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A collection of essays on writers and writing by the Booker-shortlisted novelist and critic.
Writing about real lives takes various forms, which overlap and may be combined with each other: biography, autobiography, biographical criticism, biographical fiction, memoir, confession, diary.
In these thoughtful and enlightening essays David Lodge considers some particularly interesting examples of life-writing, and contributes several of his own. The subjects include celebrated modern British writers such as Graham Greene, Kingsley Amis, Muriel Spark and Alan Bennett, and two major figures from the past, Anthony Trollope and H.G.Wells. Lodge examines connections between the style and the man in the diaries of the playwright Simon Gray and the cultural criticism of Terry Eagleton, and recalls how his own literary career was entwined with that of his friend Malcolm Bradbury.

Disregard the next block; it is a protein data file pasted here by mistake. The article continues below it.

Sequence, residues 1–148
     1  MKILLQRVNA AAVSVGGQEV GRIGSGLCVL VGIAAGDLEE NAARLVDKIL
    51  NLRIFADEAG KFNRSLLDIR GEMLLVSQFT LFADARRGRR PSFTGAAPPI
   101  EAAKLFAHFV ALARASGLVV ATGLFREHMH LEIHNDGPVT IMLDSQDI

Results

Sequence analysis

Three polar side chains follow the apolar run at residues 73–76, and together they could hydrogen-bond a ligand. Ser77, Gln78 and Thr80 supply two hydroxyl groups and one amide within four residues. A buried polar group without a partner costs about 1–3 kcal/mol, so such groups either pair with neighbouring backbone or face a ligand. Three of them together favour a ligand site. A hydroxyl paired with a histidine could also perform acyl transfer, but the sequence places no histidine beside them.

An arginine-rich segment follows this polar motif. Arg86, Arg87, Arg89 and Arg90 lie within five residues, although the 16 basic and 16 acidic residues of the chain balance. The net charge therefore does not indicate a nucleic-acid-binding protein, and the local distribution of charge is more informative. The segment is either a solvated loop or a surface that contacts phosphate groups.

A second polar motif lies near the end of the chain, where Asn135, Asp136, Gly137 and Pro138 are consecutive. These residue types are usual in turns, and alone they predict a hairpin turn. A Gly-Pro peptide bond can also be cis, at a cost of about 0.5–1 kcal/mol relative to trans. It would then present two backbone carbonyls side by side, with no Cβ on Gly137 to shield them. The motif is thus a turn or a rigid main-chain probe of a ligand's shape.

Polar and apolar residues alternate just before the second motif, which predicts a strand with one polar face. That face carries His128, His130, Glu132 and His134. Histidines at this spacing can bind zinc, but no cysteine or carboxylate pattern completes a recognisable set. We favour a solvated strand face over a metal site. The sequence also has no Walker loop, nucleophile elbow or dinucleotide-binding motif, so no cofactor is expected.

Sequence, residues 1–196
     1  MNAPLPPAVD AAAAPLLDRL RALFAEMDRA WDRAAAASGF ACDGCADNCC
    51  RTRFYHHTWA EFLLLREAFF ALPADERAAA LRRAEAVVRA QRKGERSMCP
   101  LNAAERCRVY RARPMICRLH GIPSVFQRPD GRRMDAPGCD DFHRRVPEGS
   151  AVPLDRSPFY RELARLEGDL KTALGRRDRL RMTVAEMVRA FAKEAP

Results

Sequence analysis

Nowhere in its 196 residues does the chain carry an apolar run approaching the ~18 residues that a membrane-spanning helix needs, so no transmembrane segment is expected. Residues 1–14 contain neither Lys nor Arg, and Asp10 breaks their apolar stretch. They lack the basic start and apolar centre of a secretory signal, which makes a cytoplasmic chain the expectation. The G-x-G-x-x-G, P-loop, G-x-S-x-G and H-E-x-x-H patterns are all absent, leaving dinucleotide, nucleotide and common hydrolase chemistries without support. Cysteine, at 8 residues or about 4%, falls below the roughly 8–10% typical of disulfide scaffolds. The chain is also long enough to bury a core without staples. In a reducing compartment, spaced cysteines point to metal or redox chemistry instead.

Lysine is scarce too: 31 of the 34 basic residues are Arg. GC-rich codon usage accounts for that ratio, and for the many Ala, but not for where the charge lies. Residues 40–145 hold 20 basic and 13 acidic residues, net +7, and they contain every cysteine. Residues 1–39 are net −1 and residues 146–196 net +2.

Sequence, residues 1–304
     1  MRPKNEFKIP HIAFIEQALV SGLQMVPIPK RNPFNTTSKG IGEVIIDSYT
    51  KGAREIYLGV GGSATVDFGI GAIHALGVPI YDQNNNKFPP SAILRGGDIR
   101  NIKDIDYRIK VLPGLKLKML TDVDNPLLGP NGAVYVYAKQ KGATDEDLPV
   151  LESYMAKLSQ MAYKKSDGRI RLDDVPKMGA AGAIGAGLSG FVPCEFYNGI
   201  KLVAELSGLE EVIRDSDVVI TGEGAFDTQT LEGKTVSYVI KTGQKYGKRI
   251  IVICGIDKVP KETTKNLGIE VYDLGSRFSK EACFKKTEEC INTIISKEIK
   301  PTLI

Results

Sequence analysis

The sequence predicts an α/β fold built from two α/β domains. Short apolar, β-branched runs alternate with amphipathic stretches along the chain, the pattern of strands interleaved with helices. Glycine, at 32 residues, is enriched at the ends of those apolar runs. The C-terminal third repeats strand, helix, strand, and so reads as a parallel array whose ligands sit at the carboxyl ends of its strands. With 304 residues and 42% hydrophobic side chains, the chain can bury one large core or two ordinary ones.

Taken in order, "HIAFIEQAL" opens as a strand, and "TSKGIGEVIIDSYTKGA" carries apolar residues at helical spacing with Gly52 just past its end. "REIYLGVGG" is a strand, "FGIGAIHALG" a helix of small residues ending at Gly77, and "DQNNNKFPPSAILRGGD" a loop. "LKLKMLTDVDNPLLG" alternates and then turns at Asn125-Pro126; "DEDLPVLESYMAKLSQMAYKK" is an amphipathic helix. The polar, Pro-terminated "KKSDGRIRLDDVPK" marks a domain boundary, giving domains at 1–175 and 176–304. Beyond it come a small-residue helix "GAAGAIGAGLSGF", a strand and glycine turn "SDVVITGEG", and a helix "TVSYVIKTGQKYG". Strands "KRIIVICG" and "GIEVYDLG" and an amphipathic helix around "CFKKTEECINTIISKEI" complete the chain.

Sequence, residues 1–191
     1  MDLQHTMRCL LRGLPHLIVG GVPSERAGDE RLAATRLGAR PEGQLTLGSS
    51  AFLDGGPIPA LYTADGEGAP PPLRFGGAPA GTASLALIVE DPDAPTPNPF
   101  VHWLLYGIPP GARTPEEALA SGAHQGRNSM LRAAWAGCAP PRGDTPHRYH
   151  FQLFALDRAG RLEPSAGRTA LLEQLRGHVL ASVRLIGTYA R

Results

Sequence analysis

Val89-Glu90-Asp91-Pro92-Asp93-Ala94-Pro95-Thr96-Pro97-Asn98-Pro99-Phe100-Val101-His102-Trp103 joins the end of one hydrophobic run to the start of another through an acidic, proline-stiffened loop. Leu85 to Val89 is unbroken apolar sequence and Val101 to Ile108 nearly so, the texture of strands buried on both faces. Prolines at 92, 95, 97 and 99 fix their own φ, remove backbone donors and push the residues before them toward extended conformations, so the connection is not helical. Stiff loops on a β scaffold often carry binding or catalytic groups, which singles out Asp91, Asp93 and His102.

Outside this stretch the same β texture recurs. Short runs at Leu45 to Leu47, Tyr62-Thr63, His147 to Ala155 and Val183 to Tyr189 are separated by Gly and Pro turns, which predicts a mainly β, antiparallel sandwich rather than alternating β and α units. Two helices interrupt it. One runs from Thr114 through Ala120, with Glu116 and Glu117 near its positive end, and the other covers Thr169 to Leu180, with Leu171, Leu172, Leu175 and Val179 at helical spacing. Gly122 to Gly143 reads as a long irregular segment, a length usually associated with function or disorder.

All except one of the subjects (Princess Diana) are or were themselves professionally “in writing”, making this collection a kind of casebook of the splendours and miseries of authorship. In a final essay Lodge describes the genesis and compositional method of his recent novel about H.G.Wells, A Man of Parts, and engages with the critical controversies that have been provoked by the increasing popularity of narrative and dramatic writing that combines fact and fiction.
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